"We want to build something that is friendly to history, friendly to the Civil War period," he said, adding that the residential architecture would reflect housing built between 1800 and 1900.
Smith said that the first day's battle had little significance -- and that what action there was occurred at the property's eastern end. If the project goes forward, he will carve out 34 acres for the county to maintain as a battlefield park, he said.
"He has picked out a piece, a snapshot of the continuum," said John Hennessy, acting superintendent of the Fredericksburg and Spotsylvania County Battlefields Memorial National Military Park, created by Congress in 1927. "Events occurred as a running battle up and down Route 3. The whole thing is significant."
Historians call Chancellorsville one of the "big three" battles, with Antietam and Gettysburg. Although they still study it for Lee's brilliant planning and Jackson's bold maneuvering, it may be best remembered as the battle in which Jackson was fatally wounded by friendly fire on the second day. His left arm was amputated, and he died of infection eight days later.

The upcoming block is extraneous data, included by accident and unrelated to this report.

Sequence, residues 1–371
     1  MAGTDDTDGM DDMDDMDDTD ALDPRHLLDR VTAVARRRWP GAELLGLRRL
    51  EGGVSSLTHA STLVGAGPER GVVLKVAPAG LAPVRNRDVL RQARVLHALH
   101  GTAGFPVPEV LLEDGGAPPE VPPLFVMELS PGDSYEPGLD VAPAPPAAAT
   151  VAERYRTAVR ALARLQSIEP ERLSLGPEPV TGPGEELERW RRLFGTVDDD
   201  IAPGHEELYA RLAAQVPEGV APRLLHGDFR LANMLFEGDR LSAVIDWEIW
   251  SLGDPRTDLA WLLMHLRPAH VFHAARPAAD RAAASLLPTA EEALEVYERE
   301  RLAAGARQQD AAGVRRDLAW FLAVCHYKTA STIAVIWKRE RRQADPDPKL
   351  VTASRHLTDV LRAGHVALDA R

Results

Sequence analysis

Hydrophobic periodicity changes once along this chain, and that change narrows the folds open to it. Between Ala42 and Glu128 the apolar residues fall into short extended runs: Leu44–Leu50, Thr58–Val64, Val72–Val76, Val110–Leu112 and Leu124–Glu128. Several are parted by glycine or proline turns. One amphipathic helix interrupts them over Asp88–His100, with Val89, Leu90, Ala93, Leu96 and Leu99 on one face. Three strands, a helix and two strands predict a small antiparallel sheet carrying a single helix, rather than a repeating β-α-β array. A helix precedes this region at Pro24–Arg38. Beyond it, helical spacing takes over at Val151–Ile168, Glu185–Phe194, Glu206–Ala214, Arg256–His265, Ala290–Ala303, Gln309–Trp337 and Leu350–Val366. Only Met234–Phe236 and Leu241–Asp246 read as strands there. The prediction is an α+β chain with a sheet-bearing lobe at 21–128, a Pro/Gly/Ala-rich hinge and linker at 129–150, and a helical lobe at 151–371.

But Hennessy said he agrees with Lighthizer that the issue is less history than the development's impact on rural Spotsylvania County and the national park that adjoins the site of the proposed new town.
Richard Moe, president of the National Trust for Historic Preservation, another coalition member, said he has similar concerns.
"The threat of uncontrolled growth in the Chancellorsville area led us to name it one of America's 11 Most Endangered Historic Places in 1998," he said "Now, four years later, proposals for a fake 'historic town' and the outer connector highway have made the threat even worse."
The coalition warns that the proposed development would increase traffic on Route 3 from 40,000 vehicles a day to as many as 110,000 per day.
The other coalition members are the Central Virginia Battlefields Trust, Friends of Fredericksburg Area Battlefields, the National Parks Conservation Association, the Spotsylvania Battlefield Education Association and the Spotsylvania Preservation Foundation.